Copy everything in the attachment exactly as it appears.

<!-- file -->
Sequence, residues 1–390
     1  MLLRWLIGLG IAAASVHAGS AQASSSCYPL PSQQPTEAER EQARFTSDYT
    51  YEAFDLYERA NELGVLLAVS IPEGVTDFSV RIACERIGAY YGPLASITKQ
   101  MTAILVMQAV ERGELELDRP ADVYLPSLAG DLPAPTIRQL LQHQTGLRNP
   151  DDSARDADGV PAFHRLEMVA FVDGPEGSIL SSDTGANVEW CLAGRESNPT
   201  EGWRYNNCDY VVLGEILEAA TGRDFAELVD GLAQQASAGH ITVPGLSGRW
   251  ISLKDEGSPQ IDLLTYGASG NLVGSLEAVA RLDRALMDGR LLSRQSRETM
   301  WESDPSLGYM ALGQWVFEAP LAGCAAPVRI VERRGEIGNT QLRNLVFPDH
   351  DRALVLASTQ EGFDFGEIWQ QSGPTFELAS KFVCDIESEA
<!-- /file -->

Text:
Sequence, residues 1–390
     1  MLLRWLIGLG IAAASVHAGS AQASSSCYPL PSQQPTEAER EQARFTSDYT
    51  YEAFDLYERA NELGVLLAVS IPEGVTDFSV RIACERIGAY YGPLASITKQ
   101  MTAILVMQAV ERGELELDRP ADVYLPSLAG DLPAPTIRQL LQHQTGLRNP
   151  DDSARDADGV PAFHRLEMVA FVDGPEGSIL SSDTGANVEW CLAGRESNPT
   201  EGWRYNNCDY VVLGEILEAA TGRDFAELVD GLAQQASAGH ITVPGLSGRW
   251  ISLKDEGSPQ IDLLTYGASG NLVGSLEAVA RLDRALMDGR LLSRQSRETM
   301  WESDPSLGYM ALGQWVFEAP LAGCAAPVRI VERRGEIGNT QLRNLVFPDH
   351  DRALVLASTQ EGFDFGEIWQ QSGPTFELAS KFVCDIESEA